Home as a ‘happy, healthy, safe place’

Lori Duron, an author and part-time business consultant, started fostering that same positivity when her son CJ, then a toddler, started striking her as a “girl at heart.” And as the sister of a gay man their father didn’t accept, Duron knew exactly what kind of parent she wanted to be.

“When I started seeing CJ express himself in feminine ways, I would flash back a lot to my childhood and the temperature in my home growing up. So I knew I needed to do better, that I needed to make home a happy, healthy, safe place for CJ,” Duron told LGBTQ Nation from Orange County, California, where she and her husband, Matt, a retired police officer, are raising their two children.

Duron has also been a longtime member of PFLAG, which provides peer support, education, and advocacy to LGBTQ people, their parents and families, and allies. Through this community, Duron has continued to evolve as a parent and advocate.

Lori and CJ Duron
(l to r) Lori and CJ Duron in 2022. Photo by JJ Geiger Photography for LGBTQ Nation

CJ explained in a 2020 blog post that his gender identity is male, and his gender expression is female. “That means that I’m awesome,” he wrote in that post. “Just kidding. It means that I was identified male at birth and I like my male body and I prefer male pronouns, but the way I dress and the things I like are considered feminine (whatever that means). Another way to describe me is gender nonconforming or gender-creative.”

Now 15, CJ is attending art school. He enjoys drawing, learning about makeup, and making videos. He told LGBTQ Nation he liked it when classmates called him “basic.” It meant he could express himself and look like the girls in his class.

“I feel like family members think their gender-nonconforming kids or gender-creative kids are extremely different, and they’re not normal,” he added. “But we’re normal. It’s just a little different, the things we like.”

Lori and CJ Duron
(l to r) Lori and CJ Duron. Photo by JJ Geiger Photography for LGBTQ Nation 

When asked what he appreciates about his parents, CJ said, “Just knowing that I can do whatever I want and be whatever I want and wear whatever I want, and know that, no matter what, I’m not going to be judged. I can really do anything I want to express myself in femininity or masculinity whenever I want and not have to feel the need to cover up or anything.”

Indeed, Ryan said that in addition to projecting optimism, one of the most beneficial family-accepting behaviors is supporting not just a child’s sexual orientation but also gender identity and expression. “Which is, of course, a big issue now, in terms of the devastating response to transgender and gender-diverse children and teens,” she added, referring to dozens of state laws passed or under consideration that ban positive depictions and discussions of queer life.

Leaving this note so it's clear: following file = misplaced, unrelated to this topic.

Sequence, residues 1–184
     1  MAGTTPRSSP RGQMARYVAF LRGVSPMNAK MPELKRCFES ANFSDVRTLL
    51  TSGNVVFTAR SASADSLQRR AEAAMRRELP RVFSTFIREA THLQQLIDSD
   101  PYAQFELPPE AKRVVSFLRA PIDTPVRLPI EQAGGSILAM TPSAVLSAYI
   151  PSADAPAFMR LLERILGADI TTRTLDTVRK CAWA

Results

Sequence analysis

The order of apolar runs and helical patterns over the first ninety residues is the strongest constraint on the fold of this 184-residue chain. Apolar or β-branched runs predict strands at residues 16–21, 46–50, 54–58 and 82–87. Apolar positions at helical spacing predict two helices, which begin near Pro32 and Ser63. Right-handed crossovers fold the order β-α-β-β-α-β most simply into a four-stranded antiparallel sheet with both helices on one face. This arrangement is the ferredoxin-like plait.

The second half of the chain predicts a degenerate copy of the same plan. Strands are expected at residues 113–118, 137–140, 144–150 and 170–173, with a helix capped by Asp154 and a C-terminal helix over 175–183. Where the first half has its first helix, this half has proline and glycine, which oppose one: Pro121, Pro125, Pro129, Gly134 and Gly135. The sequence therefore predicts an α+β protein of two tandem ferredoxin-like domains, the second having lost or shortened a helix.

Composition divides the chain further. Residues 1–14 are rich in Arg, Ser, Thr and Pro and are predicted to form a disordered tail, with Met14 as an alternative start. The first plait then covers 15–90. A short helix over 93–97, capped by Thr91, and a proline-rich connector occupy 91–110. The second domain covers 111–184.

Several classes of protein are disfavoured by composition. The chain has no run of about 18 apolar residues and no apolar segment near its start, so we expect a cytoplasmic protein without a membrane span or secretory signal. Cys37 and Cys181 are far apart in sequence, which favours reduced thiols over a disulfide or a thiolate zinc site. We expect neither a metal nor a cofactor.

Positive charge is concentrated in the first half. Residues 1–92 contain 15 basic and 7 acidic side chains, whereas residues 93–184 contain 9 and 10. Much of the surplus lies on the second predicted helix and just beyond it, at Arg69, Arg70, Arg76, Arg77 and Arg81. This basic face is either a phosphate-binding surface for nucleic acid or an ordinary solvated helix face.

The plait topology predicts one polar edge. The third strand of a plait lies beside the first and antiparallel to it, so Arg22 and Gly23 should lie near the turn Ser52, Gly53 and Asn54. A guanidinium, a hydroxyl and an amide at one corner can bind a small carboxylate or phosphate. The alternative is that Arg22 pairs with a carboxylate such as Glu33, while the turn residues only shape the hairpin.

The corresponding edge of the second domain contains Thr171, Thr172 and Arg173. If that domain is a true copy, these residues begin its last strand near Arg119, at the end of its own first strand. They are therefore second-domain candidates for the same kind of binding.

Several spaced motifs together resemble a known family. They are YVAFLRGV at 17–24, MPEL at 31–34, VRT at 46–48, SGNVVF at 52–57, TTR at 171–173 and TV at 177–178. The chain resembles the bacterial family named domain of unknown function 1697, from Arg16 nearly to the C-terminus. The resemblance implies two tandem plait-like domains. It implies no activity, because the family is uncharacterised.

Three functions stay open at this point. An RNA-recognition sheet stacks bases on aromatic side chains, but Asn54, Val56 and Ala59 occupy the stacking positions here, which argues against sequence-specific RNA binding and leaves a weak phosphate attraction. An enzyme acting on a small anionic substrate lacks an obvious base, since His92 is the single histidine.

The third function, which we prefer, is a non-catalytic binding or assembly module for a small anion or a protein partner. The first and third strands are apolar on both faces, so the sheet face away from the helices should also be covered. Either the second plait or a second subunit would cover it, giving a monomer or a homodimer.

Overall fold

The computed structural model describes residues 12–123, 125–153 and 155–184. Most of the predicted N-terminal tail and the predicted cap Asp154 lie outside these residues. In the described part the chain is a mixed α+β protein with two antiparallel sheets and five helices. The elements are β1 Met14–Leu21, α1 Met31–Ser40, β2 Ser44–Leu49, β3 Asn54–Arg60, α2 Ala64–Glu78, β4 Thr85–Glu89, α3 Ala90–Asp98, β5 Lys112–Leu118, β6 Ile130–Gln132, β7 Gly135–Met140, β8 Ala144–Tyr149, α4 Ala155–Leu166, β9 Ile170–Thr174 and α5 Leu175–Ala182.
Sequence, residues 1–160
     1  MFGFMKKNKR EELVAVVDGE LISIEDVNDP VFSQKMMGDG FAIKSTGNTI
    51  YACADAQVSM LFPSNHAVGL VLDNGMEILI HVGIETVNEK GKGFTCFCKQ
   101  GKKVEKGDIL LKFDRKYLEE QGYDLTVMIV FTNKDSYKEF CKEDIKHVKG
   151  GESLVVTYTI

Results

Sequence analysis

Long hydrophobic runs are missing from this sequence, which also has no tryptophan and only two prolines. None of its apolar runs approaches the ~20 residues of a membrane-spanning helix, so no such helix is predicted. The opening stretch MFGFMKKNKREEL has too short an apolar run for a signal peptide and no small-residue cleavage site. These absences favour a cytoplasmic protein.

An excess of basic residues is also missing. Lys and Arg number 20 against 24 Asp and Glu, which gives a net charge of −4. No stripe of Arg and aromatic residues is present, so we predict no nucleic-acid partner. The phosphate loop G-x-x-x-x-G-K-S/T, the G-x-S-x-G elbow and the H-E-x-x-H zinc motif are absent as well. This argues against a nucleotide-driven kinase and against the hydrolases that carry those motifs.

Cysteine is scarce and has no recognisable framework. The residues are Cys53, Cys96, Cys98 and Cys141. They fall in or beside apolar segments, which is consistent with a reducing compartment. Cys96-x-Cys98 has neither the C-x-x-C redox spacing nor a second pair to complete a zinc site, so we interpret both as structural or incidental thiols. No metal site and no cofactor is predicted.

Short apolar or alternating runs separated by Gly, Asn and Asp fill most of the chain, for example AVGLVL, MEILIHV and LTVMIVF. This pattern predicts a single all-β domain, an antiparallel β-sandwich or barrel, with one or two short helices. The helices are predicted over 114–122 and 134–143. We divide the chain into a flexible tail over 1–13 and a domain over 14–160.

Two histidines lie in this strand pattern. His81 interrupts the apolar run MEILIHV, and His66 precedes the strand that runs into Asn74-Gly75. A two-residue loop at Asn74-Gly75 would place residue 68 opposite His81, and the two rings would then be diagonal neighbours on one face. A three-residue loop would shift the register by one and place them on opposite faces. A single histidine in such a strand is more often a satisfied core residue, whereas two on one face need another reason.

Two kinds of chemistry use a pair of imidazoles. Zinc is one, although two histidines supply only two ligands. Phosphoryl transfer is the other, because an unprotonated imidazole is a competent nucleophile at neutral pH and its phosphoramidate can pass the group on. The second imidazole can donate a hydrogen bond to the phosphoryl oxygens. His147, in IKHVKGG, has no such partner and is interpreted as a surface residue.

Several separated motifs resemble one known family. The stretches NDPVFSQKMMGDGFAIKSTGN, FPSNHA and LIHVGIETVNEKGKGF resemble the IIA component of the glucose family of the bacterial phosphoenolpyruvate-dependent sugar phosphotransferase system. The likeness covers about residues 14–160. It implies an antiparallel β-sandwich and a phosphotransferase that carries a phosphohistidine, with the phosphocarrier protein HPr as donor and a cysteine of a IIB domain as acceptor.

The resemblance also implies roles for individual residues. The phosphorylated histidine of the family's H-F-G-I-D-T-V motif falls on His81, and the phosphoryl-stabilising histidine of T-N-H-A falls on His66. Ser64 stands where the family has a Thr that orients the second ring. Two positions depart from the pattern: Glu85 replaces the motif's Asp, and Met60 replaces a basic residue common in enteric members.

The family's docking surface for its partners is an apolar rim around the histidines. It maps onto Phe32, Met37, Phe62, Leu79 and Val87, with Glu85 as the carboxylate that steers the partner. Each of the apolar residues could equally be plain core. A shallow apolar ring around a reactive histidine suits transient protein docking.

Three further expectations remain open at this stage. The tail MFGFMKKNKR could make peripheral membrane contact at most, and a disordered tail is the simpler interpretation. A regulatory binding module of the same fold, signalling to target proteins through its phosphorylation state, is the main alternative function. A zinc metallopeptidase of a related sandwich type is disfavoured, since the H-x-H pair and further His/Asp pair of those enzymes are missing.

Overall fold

This can take work, even for affirming parents. “We operated for years assuming this person was X, and now they’re saying that they’re Y,” George said. “And we have to actively work to see them as Y, to see them as they are and as they have told us they are. The parents who make this effort are the ones who are more likely to get name and pronouns correct and are more likely to have a healthy relationship with their trans child, their queer child.”

Different is great

In 2011, to share her insights on raising a gender-creative child and help other parents, Duron created Raising My Rainbow, a blog that became a book of the same name. Over the decade she’s been writing it, Duron has heard from hundreds of readers, some who had gender-nonconforming kids and others who were gender-nonconforming themselves.

“Some of [the messages] are heartbreaking,” Duron said. “I’ve gotten emails from parents who were like, ‘Thank you. I’ve read your book, I’ve read your blog, and I like my child again,’ because they had stopped. And that’s devastating. And then from adults who were feeling hopeless because of that residue that’s left over from childhood and still feeling hopeless, that they feel hope because at least a lot of the next generation is going to be OK — or at least better than they had been.”

Duron family
CJ (center) and parents Lori and Matt Duron. Photo by JJ Geiger Photography for LGBTQ Nation

Looking back, Duron said the key to her support was the realization that CJ’s identity was never the problem. “[CJ’s] gender identity, his gender expression, none of this is something that needs to be fixed. It needs to just be supported and loved. He has brought us so much joy, especially in his creativity, and has made our world so colorful. I would tell myself, ‘One day, you will look back and you would not want to trade this for the world.’”

“Different is OK. Different is great,” she added. “If we were all the same, that would be boring.”

Free yourself from assumptions when kids are ‘coming in’

CJ grew up in the public sphere, known by the readers of his mom’s blog and book. But he’s an exception. Most children grow up in relative privacy, and the coming-out process can be a waiting game. Queer and trans youth often wait until they know they’re safe to come out, and they look “at all the little micro- or macro-conversations they may have had with people in their lives that may give them some kind of indication of how people are going to respond,” George said.